About the piece:

Chief Black Hawk challenged a flawed 1804 treaty and moved his people back east across the Mississippi River in an attempt to reoccupy ancestral lands. He was subsequently sabotaged during peace negotiations and two of his men were killed. This instigated the May 14th battle of Stillman’s Run and the infamous 4 month long Black Hawk War of 1832. Leading a band of Sauk, Meskwaki, and Kickapoo Indians, he was chased by the U.S. Army north into the Wisconsin Territory and in particular to an encampment along the Yahara River. Several minor skirmishes occurred along this route and his next major encounter happened along the Wisconsin River at the battle of Wisconsin Heights. Black Hawk and his people escaped and headed west only to be decimated at the battle of Bad Axe in August, also known as the Massacre at Bad Axe. Clear documentation demonstrates the Indians attempted to surrender, but were gunned down on the Mississippi River by the formidable U.S. gunboat, the Warrior. Black Hawk’s people sustained a loss of over 250 individuals, including many women and children. Only one individual was injured on the Warrior and 14 other opponents were killed. Black Hawk escaped again, however, he voluntarily surrendered at Prairie Du Chien on August 27th to Indian agent Joseph Street. Stop-action film of the installation of “A River of Tears” by Masarah Van Eyck.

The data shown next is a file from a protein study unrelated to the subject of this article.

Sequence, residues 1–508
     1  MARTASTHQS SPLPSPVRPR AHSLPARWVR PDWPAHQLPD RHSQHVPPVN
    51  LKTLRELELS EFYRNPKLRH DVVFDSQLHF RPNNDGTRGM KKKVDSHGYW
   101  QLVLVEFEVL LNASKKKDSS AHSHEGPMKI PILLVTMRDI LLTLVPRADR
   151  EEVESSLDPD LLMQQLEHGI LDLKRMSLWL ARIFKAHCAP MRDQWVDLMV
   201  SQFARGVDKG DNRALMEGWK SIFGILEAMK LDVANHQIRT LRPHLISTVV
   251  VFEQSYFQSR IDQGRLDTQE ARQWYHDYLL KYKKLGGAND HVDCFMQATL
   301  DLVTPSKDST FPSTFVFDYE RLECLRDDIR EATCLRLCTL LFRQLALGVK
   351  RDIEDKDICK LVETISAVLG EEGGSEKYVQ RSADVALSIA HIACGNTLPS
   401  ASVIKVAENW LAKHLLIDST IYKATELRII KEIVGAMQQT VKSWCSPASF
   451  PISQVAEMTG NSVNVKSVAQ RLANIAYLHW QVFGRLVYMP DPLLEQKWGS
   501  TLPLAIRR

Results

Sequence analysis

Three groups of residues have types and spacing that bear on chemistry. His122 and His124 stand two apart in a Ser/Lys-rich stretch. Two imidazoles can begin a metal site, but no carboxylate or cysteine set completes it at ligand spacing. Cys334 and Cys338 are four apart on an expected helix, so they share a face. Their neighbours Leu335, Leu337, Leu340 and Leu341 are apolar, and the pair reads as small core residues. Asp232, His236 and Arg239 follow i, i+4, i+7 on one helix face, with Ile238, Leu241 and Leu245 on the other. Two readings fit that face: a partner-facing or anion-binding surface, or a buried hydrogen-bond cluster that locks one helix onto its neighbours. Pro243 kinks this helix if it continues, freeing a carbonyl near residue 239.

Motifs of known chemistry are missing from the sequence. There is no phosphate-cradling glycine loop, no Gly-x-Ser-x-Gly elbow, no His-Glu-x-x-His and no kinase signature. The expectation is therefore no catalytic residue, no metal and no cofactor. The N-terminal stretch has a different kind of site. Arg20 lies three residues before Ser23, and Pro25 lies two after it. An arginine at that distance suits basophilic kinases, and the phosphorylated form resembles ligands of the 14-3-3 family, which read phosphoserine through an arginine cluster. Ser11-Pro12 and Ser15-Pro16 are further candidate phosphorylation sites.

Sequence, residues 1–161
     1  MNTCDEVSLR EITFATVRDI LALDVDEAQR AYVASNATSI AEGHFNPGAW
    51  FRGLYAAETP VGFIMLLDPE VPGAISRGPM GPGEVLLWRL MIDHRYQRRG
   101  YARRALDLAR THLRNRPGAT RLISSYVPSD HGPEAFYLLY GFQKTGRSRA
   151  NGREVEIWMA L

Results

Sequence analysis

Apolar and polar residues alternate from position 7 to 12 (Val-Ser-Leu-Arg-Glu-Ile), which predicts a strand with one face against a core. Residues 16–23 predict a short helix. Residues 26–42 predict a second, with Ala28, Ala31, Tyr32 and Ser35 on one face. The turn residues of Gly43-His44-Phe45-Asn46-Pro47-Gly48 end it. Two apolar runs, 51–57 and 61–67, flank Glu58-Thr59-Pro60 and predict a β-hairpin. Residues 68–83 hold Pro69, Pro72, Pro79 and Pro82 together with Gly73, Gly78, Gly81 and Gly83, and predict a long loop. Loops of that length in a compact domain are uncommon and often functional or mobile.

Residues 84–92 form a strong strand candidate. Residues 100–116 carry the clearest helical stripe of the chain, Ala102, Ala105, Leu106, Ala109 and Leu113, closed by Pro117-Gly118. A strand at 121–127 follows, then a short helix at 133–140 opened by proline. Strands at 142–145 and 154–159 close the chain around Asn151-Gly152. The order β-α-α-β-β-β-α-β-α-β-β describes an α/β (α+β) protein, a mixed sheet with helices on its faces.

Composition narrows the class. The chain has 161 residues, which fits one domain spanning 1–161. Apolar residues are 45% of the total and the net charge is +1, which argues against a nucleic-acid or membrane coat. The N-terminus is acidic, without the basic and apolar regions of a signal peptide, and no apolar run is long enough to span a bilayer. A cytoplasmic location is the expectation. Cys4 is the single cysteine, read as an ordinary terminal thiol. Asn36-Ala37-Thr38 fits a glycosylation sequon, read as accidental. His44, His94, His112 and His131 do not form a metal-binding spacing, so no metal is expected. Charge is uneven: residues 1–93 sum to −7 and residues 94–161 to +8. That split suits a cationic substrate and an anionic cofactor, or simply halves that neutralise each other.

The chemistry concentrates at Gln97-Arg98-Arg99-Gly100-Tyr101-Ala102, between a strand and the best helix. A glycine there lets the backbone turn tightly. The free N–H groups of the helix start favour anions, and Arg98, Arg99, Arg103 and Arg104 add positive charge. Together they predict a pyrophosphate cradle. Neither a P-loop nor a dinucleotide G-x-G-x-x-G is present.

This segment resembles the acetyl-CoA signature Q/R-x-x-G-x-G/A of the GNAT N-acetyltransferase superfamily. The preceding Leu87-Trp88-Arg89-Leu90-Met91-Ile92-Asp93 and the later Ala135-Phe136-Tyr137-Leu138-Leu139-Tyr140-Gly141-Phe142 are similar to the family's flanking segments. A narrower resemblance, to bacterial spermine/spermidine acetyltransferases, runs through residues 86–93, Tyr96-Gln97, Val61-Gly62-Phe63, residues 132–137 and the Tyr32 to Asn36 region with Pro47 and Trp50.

About the artist:

Thomas Ferrella says “I love the idea of using willow for this project considering its beautiful organic lines and its close relationship with water. Willow was an instrumental part of the Native American culture in terms of its use for structures, baskets, tools and medicines. In addition, the three main battles during this war occurred along waterways. The early summer verdant foliage juxtaposed against the contrasting red willow represents the unspoiled and historically tarnished landscape, a modern interpretation of a fatal genocidal event that lead to the ‘birth’ of our nation. This contrast will affect a powerful image of life and death.”